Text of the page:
Network News

X My Profile
View More Activity
Column Archive |  On Twitter: J Huget and MisFits  |  Fitness & Nutrition News  |  RSS Feeds RSS Feed

Do doctors rat on each other?

If a doctor knew that a colleague was incompetent, drunk or high on drugs, would they turn them in? A new survey has some disturbing answers to that question.

Researchers at the Massachusetts General Hospital in Boston analyzed data from a nationally representative survey of 2,938 doctors practicing in the United States in 2009 in anesthesiology, cardiology, family practice, general surgery, internal medicine, pediatrics and psychiatry.

The good news is that 64 percent agreed that they had a professional obligation to report colleagues who were significantly impaired or incompetent to practice for some reason, according to a report in Wednesday's issue of the Journal of the American Medical Association. Sixty-nine percent said they were prepared to deal with impaired colleagues and 64 percent said they were prepared to deal with incompetent colleagues.

Now the disturbing findings: Seventeen percent reported having direct personal knowledge of an impaired or incompetent physician in their hospital, group or practice in the last three years, and only 67 precent of these physicians reported that individual to a hospital, clnical, professional society or other relevant authority. The most common reasons for not reporting was the belief that someone else was taking care of the problem, that nothing would happen anyway, that it was not their responsibility, that the doctor would be punished excessively, or that they were afraid of retribution.

Based on the findings, the researchers say better regulation is needed along with better reporting systems that protect confidentiality. In an editorial accompanying the study, Matthew Wynia of the AMA's Institute for Ethics agreed the findings show that the system needs fixing.

By Rob Stein  |  July 14, 2010; 7:00 AM ET
Categories:  Alcohol and Drugs , Bioethics , General Health , Hospitals , The Business of Health  
Save & Share:  Send E-mail   Facebook   Twitter   Digg   Yahoo Buzz   StumbleUpon   Technorati   Google Buzz   Previous: FDA panel scrutinizes diabetes drug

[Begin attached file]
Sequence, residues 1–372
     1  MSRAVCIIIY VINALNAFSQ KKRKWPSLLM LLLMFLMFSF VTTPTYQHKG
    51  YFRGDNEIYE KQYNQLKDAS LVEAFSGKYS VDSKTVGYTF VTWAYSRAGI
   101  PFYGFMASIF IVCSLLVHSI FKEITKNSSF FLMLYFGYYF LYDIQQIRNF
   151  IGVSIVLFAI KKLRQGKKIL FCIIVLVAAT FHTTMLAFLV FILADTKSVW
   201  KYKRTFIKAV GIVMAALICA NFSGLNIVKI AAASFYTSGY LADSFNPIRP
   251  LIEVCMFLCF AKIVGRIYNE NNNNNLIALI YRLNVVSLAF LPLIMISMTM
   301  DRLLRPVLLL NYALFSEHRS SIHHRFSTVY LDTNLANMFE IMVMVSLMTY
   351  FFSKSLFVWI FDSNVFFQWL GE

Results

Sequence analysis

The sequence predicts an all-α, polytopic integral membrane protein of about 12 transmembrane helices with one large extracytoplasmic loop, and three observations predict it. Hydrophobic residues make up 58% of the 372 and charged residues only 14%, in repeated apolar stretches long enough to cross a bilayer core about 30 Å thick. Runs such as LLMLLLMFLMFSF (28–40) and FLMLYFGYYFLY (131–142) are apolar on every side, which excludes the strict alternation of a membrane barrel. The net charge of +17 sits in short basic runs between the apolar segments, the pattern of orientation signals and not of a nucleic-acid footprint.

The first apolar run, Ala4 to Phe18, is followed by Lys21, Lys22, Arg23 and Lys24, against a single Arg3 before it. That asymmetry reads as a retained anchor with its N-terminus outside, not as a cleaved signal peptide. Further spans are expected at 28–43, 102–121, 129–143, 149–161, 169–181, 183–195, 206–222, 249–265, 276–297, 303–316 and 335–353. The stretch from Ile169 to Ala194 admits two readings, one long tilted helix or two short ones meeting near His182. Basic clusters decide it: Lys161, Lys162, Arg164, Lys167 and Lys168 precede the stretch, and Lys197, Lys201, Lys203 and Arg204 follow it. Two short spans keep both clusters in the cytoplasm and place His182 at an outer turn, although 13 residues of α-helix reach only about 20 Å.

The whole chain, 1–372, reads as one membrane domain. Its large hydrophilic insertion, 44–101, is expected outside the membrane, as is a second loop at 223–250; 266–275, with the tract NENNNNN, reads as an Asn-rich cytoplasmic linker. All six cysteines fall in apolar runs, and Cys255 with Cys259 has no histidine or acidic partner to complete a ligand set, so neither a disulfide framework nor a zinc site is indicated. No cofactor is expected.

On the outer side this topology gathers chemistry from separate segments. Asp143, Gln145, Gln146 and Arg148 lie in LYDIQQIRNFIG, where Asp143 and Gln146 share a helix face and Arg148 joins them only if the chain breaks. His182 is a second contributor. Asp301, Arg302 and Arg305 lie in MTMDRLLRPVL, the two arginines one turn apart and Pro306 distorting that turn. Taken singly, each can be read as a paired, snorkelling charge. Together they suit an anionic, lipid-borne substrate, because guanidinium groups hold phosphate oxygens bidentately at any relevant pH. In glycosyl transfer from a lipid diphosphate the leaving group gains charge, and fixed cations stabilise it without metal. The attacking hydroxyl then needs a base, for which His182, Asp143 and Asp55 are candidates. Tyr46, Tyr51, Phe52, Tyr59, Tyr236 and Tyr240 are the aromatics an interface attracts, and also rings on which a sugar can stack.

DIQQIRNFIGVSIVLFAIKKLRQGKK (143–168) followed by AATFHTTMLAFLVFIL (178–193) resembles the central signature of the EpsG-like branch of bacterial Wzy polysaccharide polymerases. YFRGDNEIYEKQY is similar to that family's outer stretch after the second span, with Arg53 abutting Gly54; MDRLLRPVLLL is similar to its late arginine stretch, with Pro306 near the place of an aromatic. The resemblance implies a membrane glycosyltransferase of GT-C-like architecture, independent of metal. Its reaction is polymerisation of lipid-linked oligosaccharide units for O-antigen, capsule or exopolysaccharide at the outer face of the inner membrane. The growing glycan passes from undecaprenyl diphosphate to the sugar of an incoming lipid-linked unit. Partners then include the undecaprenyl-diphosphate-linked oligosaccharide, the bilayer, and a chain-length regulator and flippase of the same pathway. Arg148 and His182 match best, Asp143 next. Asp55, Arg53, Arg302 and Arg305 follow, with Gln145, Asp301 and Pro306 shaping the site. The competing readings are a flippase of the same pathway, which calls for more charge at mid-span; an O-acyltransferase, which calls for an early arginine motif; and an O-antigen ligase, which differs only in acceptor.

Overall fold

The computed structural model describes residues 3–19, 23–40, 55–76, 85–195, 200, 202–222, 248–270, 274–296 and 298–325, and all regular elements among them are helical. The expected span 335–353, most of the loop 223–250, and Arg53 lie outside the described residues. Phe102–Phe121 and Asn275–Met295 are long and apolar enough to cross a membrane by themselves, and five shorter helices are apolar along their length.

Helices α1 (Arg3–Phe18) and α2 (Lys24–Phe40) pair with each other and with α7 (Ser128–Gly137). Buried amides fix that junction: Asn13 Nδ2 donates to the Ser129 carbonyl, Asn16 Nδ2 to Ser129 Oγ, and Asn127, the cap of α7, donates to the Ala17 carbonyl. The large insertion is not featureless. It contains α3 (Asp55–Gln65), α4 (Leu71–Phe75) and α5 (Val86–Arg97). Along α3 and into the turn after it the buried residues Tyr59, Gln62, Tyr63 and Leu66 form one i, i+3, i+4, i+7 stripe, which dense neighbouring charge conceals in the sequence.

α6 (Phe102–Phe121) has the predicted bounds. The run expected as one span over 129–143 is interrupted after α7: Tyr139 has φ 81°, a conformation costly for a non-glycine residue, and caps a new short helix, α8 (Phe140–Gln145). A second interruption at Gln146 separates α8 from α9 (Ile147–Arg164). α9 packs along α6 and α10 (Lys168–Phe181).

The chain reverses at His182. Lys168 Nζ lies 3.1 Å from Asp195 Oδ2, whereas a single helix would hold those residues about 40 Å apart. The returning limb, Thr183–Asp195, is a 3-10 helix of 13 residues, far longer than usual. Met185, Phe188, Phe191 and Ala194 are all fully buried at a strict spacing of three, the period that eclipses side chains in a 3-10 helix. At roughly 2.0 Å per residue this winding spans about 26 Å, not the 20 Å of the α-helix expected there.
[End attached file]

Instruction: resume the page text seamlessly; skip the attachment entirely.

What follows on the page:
Next: Study: Superstitions pay off


And until physicians show that they are capable of policing their own ranks, there should be no tort reform.

Posted by: sasquatchbigfoot | July 14, 2010 11:16 AM | Report abuse

Listen, if docs were totally ethical, and read the Hippocratic oath, there would be no reason to have any outsiders intervene.
However, that does not seem to be possible, especially in the VA. As an example, an investigation by the VA Inspector General regarding the delay of cancer treatment and death for a patient at Zablocki Milwaukee VAMC.


It appears that gross medical malpractice was performed by 2 radiologists, a radiation oncologist, a surgeon , and an internal medicine doctor, all of whom are faculty at Medical College of Wisconsin. You might say a comedy of medical errors but the patient died.

What is apparent is that a coverup was in the works when the IG was called. This is similar to what is happening in St. Louis, nothing happens until it hits the front page of the newspaper. Veterans sacrifice their lives at the war front and to get this type of care at home is immoral. Unfortunately, at the VA, moral ethical docs and workers are losing the war in giving good care to vets.

Posted by: billklein1 | July 14, 2010 11:34 AM | Report abuse

It is not just doctors who do not report doctors, it is administrators, who sometimes opt to promote "up and out" rather than report.

Posted by: khmaio | July 14, 2010 4:40 PM | Report abuse

Wait, so 17 percent knew and 2/3 of those reported? It sounds like the answer to your question is yes, doctors do rat on each other.

Question: Do journalists rat on each other?

Posted by: kevnet | July 14, 2010 5:00 PM | Report abuse

First off, I am in my office all day... I don't know what some other doc is doing, or not doing in HIS office...

Second, if somehow I do know I might disagree how a doc is handling a case in the hospital but:
1. It is not my case and HIPPA forbids me from snooping into that patient's chart or I go to federal prison... In my hospital we have 100% electronic records.. I, even as a physician on staff, cannot get the computer to show me some other patients record - it will however set off an alarm in the IT department that "I" am attempting to break into a patients chart that I do not have the legal rights to view... For me to view that chart requires a very specific set of procedures involving the top administrator of the hospital, the vice president of medical affairs, and the department chief...

2. Further, if I do know what orders the doc is giving that I disagree with, I might be wrong - he might be right in his medical decisions... Those patients have chosen him as their doc, not me... Can you pronounce the word, 'civil tort'... Check with you family lawyer, he will explain...

Now, as to my ignoring a doc who is drunk, or high, or whatever - it does not happen on my watch, regardless of what the cynical on here may think...